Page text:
Tag Archives: smart devices

Customers want service not sci-fi from high street retailers

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We all know the 2019 outlook for brick and mortar retail looks troubled and indeed it’s barely a month into the year and we’ve already seen Patisserie Valerie collapse into administration. Are we surprised? You only need to look at the makeup of the high street to see the extraordinary amount of competition facing a business like this coupled with the fact that the business hadn’t changed much since its launch. It needed to adapt and if brick and mortar retailers focus on aligning their strategies to current market conditions and take on board what customers say, a one size fits all decline isn’t inevitable.

We recently conducted a survey ‘Service, not Sci-Fi’ that looked at the reasons people were turning away from retailers but also how they might turn back. While cost cutting and staff consolidation might be the first response to disappointing figures, our survey showed this could have an immediate detrimental impact on sales. Our study found that 81% of UK shoppers felt that personal touch had disappeared from retail customer service in modern Britain. Almost a third (32%) blamed an over-reliance on technology for this decline. And half of those polled thought that companies in the UK use technology to save money, rather than improve customer experience.

Despite living in a world driven by technology, most people don’t want technology to sacrifice human opinion and experience. Only 30% said they would like to see ‘smart pricing’ initiatives adopted by retailers, where prices change in real time depending on demand, 22% would like to see smart mirrors that show a 360 view of themselves, 16% desire a VR changing room, while 14% want AR for visualise products at home and 9% seek a talking robotic assistant.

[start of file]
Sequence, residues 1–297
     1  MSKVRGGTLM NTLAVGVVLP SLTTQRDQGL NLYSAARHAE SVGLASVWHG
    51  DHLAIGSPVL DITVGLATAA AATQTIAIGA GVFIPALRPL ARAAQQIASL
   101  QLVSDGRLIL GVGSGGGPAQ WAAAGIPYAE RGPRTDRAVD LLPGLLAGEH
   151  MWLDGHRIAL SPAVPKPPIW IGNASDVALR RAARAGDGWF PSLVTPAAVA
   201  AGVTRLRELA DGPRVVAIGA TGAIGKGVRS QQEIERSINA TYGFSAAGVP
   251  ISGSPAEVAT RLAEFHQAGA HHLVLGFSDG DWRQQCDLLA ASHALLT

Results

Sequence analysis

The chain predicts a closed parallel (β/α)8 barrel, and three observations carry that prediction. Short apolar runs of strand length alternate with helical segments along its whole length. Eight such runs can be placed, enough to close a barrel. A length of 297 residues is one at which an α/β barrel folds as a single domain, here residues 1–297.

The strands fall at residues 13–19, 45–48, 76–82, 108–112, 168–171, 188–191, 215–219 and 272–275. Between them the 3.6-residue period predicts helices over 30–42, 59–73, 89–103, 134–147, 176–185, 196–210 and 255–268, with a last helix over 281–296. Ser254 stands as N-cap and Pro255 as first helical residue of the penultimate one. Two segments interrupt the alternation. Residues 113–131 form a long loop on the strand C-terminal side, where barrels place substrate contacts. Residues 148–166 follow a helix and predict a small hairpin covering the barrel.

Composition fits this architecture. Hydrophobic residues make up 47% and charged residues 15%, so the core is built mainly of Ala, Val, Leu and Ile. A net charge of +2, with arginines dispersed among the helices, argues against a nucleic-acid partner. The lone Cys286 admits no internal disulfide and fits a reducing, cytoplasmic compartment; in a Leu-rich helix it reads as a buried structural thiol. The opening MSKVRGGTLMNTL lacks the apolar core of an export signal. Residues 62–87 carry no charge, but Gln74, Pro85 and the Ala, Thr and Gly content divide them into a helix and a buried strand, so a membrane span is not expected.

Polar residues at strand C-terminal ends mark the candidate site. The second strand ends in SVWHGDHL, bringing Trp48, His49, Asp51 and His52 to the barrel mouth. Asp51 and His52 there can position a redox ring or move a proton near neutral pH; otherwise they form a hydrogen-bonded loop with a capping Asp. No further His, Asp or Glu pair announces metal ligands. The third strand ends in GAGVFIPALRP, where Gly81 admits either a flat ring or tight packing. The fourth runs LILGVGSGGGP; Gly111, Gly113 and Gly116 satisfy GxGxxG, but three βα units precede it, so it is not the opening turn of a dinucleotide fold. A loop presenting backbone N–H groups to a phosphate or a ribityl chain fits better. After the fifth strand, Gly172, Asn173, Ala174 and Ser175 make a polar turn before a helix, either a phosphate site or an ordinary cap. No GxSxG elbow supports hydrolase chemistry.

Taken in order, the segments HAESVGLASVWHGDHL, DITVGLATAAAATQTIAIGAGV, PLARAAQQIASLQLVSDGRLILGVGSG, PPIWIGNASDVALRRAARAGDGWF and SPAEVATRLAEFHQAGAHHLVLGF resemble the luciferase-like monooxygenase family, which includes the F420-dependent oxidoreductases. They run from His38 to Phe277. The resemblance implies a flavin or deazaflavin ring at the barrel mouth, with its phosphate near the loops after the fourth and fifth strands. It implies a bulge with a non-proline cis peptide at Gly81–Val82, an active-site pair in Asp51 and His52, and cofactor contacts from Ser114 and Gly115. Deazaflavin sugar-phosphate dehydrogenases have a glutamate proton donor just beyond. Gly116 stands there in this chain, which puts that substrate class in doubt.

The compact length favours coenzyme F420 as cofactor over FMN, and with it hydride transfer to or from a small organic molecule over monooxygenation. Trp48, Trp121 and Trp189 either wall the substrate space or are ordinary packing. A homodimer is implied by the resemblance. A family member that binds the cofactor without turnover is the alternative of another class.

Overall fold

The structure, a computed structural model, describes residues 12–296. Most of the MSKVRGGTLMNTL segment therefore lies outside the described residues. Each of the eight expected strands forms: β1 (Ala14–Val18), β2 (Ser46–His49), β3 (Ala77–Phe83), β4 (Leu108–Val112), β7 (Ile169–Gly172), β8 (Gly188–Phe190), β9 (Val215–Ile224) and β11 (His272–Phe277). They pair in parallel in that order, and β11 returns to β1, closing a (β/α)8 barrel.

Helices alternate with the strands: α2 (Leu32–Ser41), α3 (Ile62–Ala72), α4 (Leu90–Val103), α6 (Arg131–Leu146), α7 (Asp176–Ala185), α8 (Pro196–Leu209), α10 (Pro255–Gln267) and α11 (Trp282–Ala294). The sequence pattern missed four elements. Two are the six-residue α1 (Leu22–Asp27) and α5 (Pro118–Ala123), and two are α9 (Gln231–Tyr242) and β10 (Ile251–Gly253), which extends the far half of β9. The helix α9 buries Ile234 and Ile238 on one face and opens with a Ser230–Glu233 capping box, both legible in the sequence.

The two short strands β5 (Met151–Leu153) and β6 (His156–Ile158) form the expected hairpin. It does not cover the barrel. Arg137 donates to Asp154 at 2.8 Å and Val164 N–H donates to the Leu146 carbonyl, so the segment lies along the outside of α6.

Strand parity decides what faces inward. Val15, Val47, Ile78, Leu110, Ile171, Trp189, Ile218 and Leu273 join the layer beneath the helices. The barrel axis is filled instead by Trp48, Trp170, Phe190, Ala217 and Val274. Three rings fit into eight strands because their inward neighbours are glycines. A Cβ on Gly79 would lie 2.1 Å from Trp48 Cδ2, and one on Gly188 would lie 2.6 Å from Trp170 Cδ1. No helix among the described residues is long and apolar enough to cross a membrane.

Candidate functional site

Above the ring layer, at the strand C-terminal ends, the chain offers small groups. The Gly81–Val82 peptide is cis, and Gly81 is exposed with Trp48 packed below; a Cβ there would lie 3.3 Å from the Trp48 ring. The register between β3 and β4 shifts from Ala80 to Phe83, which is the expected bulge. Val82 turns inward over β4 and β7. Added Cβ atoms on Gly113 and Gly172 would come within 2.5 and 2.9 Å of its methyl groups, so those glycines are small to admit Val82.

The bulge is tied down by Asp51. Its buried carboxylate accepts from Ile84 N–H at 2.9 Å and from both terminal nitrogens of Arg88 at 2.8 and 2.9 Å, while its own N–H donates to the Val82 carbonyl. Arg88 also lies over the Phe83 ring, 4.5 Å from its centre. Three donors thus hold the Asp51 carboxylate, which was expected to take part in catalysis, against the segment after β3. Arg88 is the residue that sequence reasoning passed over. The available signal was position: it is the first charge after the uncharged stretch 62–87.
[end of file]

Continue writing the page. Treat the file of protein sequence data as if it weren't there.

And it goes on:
When asked what makes a great brick and mortar shopping experience, half of those polled said it was down to having good staff on the shop floor; staff that know the products (49%) and staff that go the extra mile (47%). Coupled with this, 61% of the nation would prefer to deal with someone face-to-face when complaining, while 59% liked a human interaction when enquiring or trying to find out more about a product and 73% wanted to see someone when being issued with a refund.

And back to the impact on the bottom line – a third of Brits say that the personal touch is more likely to encourage them make a repeat purchase, and more than a fifth (22%) claim they always spend more money in a shop if they are served by a good assistant, incrementally adding to sales. Over a third (34%) of shoppers stated that a poor experience has driven them to buy from another retailer.

The research also highlights the impact of the decline of local retailers, with a quarter of Brits saying they miss shopping somewhere where people recognise them and 16% confessing to preferring talking through a purchase with someone in-store, while a quarter reveal that online shopping is less fun than buying something in a real shop. The convenience of a store’s location is also important according to 43% of respondents which means that retailers should consolidate their estates. Many will notice immediate effects. This only emphasises the need to carefully consider the experience provided in-store and whether their staff can deliver the expected experience.

With traditional retail under more pressure than ever and an astonishing 81% of people feeling that the personal touch has disappeared from shopping, businesses need to focus on their customer experience strategies to keep people coming back for more.

To read the article please visit The Drum.